Interactive Investor

July’s best performing funds hidden in the specialist sector

3rd August 2020 13:00

Douglas Chadwick from ii contributor


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This content is provided by Saltydog Investor. It is a third-party supplier and not part of interactive investor. It is provided for information only and does not constitute a personal recommendation.

Saltydog analyst points out over the past four weeks this type of fund has shone, having risen by 16%.

Having gone up during April, May and June the FTSE 100 index went down in July, losing 4.4% and leaving it 22% lower than it was at the beginning of the year.

The Japanese Nikkei 225 index and the French CAC 40 index also fell last month.

The table below shows the performance of a few of the leading stock market indices so far this year.

Past performance is not a guide to future performance.

They all went down during the first quarter of the year but have since rallied. However, there are signs that the recovery may be running out of steam.  

Only two are showing gains over the year: the technology-based Nasdaq index is up 19.8%, and China’s Shanghai Composite index is up 8.5%.

Our sector analysis for July also shows a significant number of sectors making losses.

When we reviewed the sectors at the beginning of last month only three had fallen in June. UK Gilts was down 0.1%, UK Direct Property down 0.4%, and Japanese Smaller Companies down 1.2%.

In July 14 sectors were in the red. Not only were there more sectors making losses, but the falls were more significant. Japan dropped 6.2% and Japanese Smaller companies did even worse, losing 7.6%.

Past performance is not a guide to future performance.

The sectors that did go up also made smaller gains than we have seen in recent months.

In June, the best performing sector, China and Greater China, went up by 10.3%. During July it went up 2.8%. 

The best performing sector was £ High Yield, which only gained 2.9%. 

So far this year the Technology and Telecommunications sector has made the greatest return, but the rate of growth has been falling. In April it went up 12.3%, in May it made 8.4%, June was lower again at 6.2%, and July was just 1.4%.

The best performing funds over the last few weeks are not even represented in this table.

The sector definitions are set by the Investment Association (IA) and tend to put relatively tight constraints on fund managers.

For example, funds in the IA UK All Companies sector must “invest at least 80% of their assets in UK equities which have a primary objective of achieving capital growth”.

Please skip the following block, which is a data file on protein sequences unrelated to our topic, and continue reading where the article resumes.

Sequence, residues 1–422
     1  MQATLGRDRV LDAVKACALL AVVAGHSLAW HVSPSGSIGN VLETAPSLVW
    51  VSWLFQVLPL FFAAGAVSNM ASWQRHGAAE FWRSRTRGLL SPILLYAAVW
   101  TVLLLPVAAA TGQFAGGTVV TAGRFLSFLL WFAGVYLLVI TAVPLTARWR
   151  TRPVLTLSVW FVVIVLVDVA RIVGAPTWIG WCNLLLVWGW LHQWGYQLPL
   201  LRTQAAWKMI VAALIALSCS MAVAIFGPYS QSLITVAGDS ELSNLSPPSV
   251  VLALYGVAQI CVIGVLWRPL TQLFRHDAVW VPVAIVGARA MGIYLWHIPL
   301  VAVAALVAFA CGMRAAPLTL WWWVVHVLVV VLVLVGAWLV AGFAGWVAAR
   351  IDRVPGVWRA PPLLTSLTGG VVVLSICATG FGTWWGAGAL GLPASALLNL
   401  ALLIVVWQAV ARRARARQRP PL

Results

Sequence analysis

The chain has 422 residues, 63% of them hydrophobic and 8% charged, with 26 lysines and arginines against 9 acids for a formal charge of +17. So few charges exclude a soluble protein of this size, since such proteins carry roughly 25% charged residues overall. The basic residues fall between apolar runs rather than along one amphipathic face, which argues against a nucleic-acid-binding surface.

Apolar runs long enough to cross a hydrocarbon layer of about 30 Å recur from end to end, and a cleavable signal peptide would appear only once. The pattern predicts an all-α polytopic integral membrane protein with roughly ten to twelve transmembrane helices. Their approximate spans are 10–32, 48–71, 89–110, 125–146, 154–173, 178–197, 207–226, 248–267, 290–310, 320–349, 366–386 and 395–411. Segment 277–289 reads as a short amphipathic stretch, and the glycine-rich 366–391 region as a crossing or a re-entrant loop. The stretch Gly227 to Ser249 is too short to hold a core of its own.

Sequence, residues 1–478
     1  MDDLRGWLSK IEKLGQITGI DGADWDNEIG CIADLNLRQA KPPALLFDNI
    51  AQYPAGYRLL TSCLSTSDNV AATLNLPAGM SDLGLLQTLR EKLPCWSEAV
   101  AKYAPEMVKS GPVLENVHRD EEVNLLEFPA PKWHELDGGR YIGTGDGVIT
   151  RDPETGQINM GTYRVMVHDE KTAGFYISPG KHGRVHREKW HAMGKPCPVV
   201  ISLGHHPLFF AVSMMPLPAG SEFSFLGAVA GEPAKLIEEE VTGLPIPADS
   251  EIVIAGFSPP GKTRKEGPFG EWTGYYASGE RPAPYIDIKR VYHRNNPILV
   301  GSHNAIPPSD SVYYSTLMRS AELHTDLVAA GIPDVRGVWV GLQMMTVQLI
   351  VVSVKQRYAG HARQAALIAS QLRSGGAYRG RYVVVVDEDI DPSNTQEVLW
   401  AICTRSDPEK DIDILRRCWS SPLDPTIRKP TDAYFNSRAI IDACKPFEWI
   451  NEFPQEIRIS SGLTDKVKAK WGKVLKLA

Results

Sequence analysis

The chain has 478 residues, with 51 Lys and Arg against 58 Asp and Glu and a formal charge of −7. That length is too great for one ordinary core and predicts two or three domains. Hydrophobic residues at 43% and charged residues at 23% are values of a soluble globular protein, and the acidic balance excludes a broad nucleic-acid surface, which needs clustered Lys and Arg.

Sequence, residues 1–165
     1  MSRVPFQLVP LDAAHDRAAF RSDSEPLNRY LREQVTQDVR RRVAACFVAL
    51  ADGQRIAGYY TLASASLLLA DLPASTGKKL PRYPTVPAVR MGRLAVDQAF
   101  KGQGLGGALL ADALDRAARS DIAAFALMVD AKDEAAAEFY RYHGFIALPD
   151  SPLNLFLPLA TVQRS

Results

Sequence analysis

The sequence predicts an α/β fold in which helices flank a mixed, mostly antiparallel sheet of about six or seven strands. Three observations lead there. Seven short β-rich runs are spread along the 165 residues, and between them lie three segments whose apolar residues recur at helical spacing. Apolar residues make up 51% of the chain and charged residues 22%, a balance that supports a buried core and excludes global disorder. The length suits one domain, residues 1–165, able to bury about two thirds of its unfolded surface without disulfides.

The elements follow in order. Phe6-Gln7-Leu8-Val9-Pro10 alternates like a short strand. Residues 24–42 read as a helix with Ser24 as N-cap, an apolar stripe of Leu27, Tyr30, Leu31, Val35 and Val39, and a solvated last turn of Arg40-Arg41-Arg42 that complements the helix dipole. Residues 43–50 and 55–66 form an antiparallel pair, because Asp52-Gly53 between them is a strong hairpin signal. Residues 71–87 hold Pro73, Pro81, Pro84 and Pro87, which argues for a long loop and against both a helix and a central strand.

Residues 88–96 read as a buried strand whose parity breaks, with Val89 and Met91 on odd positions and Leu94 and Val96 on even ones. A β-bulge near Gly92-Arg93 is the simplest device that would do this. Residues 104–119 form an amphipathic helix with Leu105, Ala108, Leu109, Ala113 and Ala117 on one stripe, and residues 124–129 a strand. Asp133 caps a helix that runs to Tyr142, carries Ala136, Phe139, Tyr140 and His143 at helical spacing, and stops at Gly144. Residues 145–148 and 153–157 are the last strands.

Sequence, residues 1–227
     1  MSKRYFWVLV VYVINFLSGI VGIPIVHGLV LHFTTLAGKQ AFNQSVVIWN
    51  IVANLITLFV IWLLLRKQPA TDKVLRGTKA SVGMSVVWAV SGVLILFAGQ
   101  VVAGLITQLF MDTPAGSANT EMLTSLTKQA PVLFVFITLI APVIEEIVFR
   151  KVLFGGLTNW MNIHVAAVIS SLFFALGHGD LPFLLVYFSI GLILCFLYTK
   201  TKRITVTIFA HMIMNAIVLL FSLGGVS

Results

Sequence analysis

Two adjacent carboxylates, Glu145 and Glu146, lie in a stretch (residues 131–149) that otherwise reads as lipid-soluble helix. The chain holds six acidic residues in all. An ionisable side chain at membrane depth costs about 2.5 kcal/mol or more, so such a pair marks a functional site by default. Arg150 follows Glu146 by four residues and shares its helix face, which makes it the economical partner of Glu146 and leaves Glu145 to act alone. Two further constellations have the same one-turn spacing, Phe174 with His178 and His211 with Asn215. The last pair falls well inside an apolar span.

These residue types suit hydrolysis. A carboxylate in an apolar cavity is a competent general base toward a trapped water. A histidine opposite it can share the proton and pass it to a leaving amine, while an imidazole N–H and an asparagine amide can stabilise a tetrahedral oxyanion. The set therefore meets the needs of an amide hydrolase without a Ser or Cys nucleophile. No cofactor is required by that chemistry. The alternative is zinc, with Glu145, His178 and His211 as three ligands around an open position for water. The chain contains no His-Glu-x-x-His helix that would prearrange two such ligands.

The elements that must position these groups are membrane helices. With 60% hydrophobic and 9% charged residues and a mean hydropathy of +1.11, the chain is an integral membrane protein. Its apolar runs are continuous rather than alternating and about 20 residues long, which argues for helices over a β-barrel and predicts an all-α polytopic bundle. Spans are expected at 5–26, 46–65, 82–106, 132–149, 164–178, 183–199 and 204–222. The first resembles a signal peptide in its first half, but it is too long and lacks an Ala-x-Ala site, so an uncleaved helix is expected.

The ‘Specialist’ sector is slightly different. Its definition is “funds that have an investment universe that is not accommodated by the mainstream sectors. Performance ranking of funds within the sector as a whole is inappropriate, given the diverse nature of its constituents.”

At Saltydog Investor, we track seven SubZones within the Specialist sector.

Past performance is not a guide to future performance.

The leading SubZone is Gold, which is made up of five funds which currently sit at the top of our Specialist sector performance table. 

These are funds that mainly invest in the shares of companies involved in the mining and processing of gold and other precious metals.

Past performance is not a guide to future performance.

At the end of February, when we were reducing all of the other holdings in our demonstration portfolios, we bought the Investec Global Gold fund, which has subsequently changed its name to Ninety One Global Gold. After one week it had gone down 9% and two weeks later it had dropped a further 15%. 

Fortunately, it then started to recover and in April we increased our holding. When we reviewed our portfolios last week it was showing a gain of over 40%.

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These articles are provided for information purposes only.  Occasionally, an opinion about whether to buy or sell a specific investment may be provided by third parties.  The content is not intended to be a personal recommendation to buy or sell any financial instrument or product, or to adopt any investment strategy as it is not provided based on an assessment of your investing knowledge and experience, your financial situation or your investment objectives. The value of your investments, and the income derived from them, may go down as well as up. You may not get back all the money that you invest. The investments referred to in this article may not be suitable for all investors, and if in doubt, an investor should seek advice from a qualified investment adviser.

Full performance can be found on the company or index summary page on the interactive investor website. Simply click on the company's or index name highlighted in the article.

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